Nagy Zsolt said...

Drake doesn't like: Philosophical mess of scoring rules and Dutch book arguments or approaches to probabilities.
Drake likes: The Principle of Maximum Entropy
"Principle of maximum entropy" from wiki
"The Principle of Maximum Entropy" by Mutual Information

Yeah. This is the REALLY good stuff.

Zsolt Nagy said...

"And once I additionally learn about the difficulties in defining sensible scoring rules on infinite spaces, I will be less confident in thinking there is a scoring rule that satisfies all the true rational desiderata on a scoring rule."

I used to be an adventurer like you and then I took an arrow to the knee.
- once I additionally learned about the principle of maximum entropy, I am much more confident in thinking, that there is actually a scoring rule, that satisfies all the true rational desiderata on scoring on a scoring rule, at least for some cases.
Just sayin.

Nagy Zsolt said...

A coin is tossed on sunday.
Question to sleeping beauty: "What is your credence, that the coin (tossed on sunday) came up heads?"
Answer from sleeping beauty: "Since no further relevant information is given about that coin, like the average of that coin toss with that coin being heads or tails, therefore my credence of that coin toss resulting in heads is 0.5 (or 50%) given the principle of maximum entropy as an appropriate scoring rule for such cases or this particular case."
We simply maximise the entropy S (-average uncertainty), which is appropriate for maximising our scoring rule s (- epistemic utility of credence assignment) here.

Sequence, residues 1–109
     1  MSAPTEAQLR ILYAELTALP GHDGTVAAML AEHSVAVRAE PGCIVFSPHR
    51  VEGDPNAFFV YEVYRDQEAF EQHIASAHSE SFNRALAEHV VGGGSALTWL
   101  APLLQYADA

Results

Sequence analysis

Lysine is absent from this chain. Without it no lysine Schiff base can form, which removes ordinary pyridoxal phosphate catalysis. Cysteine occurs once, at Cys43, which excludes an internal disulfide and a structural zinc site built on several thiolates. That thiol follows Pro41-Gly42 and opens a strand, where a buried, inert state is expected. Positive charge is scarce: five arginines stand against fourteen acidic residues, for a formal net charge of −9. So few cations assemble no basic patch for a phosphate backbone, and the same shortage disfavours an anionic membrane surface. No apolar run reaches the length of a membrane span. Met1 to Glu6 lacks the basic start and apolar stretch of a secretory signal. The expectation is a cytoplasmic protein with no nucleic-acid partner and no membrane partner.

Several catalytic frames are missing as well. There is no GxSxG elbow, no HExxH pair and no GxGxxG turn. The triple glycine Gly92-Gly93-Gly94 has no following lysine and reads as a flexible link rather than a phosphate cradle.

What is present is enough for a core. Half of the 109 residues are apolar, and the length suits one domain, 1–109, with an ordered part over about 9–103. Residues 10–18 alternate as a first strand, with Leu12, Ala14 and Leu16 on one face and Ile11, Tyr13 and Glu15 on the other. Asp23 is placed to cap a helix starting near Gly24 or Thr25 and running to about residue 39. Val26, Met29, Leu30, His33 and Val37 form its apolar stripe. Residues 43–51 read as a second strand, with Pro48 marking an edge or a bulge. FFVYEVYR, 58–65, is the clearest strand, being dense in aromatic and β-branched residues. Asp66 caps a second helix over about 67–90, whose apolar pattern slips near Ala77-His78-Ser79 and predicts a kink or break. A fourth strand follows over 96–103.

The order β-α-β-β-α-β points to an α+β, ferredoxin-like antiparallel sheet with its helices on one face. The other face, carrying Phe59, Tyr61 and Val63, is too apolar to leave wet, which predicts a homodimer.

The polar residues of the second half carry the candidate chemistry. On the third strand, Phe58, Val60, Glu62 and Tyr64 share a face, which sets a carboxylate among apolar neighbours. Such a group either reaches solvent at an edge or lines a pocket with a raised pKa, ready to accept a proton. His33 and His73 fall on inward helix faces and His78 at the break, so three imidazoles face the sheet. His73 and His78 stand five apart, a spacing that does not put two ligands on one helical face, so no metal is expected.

s(c)(ω):= S(c):=-k·(c·ln(c)+(1-c)·ln(1-c))
with k>0: some irrelevant positive konstante here,
c∈[0;1]: credence of the coin toss resulting in heads
(1-c)∈[0;1]: credence of the coin resulting not in heads.
⇒ ds/dc=dS/dc=-k·(ln(p)-ln(1-p))=0 for an extremum of s/S at c=p.
⇒ p=1/2=0.5=50%.
(⇒ d²s/(dc)²=d²S/(dc)²=-k·(1/c+1/(1-c))=-4k<0 with c=p=1/2 ⇒ maximum of s/S at c=p=1/2.)

I wonder: Why isn't this the standard solution to the sleeping beauty problem?
I just simply don't understand those Dutch book arguments for the credence better being supposedly 1/3.
I would simply just always simultaneously bet on that coin toss resulting in tails at the same time and get with that my money back. Or even gain money on average by simply never betting on heads in that particular case, since of course that coin toss results in 50% of the times in heads and in 50% of the times in tails and on average making more bets, when the coin toss has resulted in tails:
Simulation of the Sleeping Beauty Scenario and the Duch Book Bets

I guess, only philosophers can make out of such small problems with trivial solutions and a mosquito a big problem and an elephant.
Well, it’s your time to waste and not mine. But please at least try to spare others from non-sense.

Alexander R Pruss said...

Here's an argument for thirding:

Zsolt Nagy said...

P1) If any one is genuinely interested in truth and wisdom, then a particular some one is not just providing another argument for his or hers position, but also that person is giving a genuine response to a previously provided objection at the same time.
P2) You, Alexander, are not giving any genuine response to a previously provided objection, but you are as "a particular some one" providing only another argument for your proposition apparently and currently.
C) Therefore, it's not that any one is genuinely interested in truth and wisdom, but also you as a particular some one are not genuinely interested in truth and wisdom apparently and currently.
(Did I do the quantifier shift here correctly? I think, that I just did that here.)